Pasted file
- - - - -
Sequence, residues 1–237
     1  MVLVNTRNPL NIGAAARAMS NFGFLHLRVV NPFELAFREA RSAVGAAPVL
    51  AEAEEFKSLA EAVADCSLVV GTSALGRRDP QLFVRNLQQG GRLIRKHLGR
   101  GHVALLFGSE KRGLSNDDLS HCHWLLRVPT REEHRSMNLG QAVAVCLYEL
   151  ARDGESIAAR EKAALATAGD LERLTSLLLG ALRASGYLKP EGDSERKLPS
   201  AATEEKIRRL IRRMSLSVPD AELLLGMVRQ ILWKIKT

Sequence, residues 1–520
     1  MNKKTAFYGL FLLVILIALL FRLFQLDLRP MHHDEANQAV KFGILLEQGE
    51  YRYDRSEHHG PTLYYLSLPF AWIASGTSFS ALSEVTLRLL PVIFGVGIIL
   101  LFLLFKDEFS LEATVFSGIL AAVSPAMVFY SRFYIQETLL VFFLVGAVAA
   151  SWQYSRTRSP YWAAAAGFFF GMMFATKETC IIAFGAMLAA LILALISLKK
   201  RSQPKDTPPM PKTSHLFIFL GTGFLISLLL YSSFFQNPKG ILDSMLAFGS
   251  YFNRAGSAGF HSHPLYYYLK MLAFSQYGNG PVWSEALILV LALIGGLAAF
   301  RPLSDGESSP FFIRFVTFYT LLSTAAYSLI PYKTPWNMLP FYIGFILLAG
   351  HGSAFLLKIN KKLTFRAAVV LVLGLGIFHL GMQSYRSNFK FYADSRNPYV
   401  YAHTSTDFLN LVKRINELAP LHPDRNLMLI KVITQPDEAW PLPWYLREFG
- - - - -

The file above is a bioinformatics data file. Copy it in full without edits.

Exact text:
Sequence, residues 1–237
     1  MVLVNTRNPL NIGAAARAMS NFGFLHLRVV NPFELAFREA RSAVGAAPVL
    51  AEAEEFKSLA EAVADCSLVV GTSALGRRDP QLFVRNLQQG GRLIRKHLGR
   101  GHVALLFGSE KRGLSNDDLS HCHWLLRVPT REEHRSMNLG QAVAVCLYEL
   151  ARDGESIAAR EKAALATAGD LERLTSLLLG ALRASGYLKP EGDSERKLPS
   201  AATEEKIRRL IRRMSLSVPD AELLLGMVRQ ILWKIKT

Sequence, residues 1–520
     1  MNKKTAFYGL FLLVILIALL FRLFQLDLRP MHHDEANQAV KFGILLEQGE
    51  YRYDRSEHHG PTLYYLSLPF AWIASGTSFS ALSEVTLRLL PVIFGVGIIL
   101  LFLLFKDEFS LEATVFSGIL AAVSPAMVFY SRFYIQETLL VFFLVGAVAA
   151  SWQYSRTRSP YWAAAAGFFF GMMFATKETC IIAFGAMLAA LILALISLKK
   201  RSQPKDTPPM PKTSHLFIFL GTGFLISLLL YSSFFQNPKG ILDSMLAFGS
   251  YFNRAGSAGF HSHPLYYYLK MLAFSQYGNG PVWSEALILV LALIGGLAAF
   301  RPLSDGESSP FFIRFVTFYT LLSTAAYSLI PYKTPWNMLP FYIGFILLAG
   351  HGSAFLLKIN KKLTFRAAVV LVLGLGIFHL GMQSYRSNFK FYADSRNPYV
   401  YAHTSTDFLN LVKRINELAP LHPDRNLMLI KVITQPDEAW PLPWYLREFG